His wife was pleading tearfully with us. “Please, if you just let me feed him, he’ll get strong enough for chemo.” The patient’s three adult children echoed their mother’s plea. This is not an uncommon scenario when I am called to facilitate a discussion between the medical team and the family of a patient with […]
Read More Food, Caring, and Cancer: Understanding Caregiver Distress about Feeding
By now you’ve probably encountered antivax rhetoric claiming parallels between vaccine mandates and Nazi Germany medical experiments. In this post, I will explore whether such analogies are legitimate. I’m not the first to do this but I hope to contribute a perspective that adds a new dimension. Before evaluating any alleged parallels between vaccine mandates […]
Read More Are Vaccine Mandates similar to nazi medical experiments?
The latest hot topic in the news is organ donor ethics. Several donor clinics have removed from eligibility potential recipients who refuse to get a covid vaccine. Let’s learn about the ethics of organ donation to understand the policy. There are about 100 000 people in the US waiting for an organ transplant. Unfortunately, not […]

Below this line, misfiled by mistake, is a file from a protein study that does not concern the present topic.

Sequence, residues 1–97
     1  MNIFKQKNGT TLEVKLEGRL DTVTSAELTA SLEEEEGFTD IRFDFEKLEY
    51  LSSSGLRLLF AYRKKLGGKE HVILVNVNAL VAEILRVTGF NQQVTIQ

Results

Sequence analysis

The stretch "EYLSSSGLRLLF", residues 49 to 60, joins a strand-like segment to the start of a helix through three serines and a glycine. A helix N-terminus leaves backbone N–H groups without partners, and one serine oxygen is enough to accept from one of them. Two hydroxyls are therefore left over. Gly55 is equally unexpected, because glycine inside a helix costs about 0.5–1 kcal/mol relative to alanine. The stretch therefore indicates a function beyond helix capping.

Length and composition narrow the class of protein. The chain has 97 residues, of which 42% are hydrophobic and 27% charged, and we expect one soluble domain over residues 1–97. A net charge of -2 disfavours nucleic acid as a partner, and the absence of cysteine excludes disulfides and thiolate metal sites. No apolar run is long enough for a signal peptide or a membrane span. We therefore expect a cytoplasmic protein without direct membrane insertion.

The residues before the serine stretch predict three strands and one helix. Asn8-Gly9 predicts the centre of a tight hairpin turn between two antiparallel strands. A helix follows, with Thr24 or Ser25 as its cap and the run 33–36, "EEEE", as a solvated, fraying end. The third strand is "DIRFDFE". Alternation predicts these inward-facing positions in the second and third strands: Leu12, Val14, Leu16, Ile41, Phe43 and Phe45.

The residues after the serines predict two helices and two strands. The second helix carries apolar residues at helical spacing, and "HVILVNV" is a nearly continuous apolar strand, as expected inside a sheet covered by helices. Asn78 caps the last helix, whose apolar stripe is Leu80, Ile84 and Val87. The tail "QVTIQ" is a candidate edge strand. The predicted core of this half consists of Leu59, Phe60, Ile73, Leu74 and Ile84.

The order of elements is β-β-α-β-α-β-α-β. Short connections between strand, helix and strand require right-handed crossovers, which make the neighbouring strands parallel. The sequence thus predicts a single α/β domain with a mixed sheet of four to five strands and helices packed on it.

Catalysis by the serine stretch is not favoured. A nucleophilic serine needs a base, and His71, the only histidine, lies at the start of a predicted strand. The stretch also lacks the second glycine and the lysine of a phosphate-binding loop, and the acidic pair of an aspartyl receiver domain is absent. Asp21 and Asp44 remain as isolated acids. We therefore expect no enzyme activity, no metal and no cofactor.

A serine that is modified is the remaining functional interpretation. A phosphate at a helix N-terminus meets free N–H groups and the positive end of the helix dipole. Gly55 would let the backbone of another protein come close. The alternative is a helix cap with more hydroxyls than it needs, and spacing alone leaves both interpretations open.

Read More Covid-19 vaccine refusal and organ transplant eligibility
This is the story of Onesimus, an African slave, who is responsible for the first major medical advancement in American history: Inoculation against smallpox. Up until the later half of the 1700s, smallpox outbreaks were a major threat to public health in the American Colonies. Smallpox virus droplets from an infected individual (usually from speaking) […]
Read More Black History and the Early History of Inoculation in America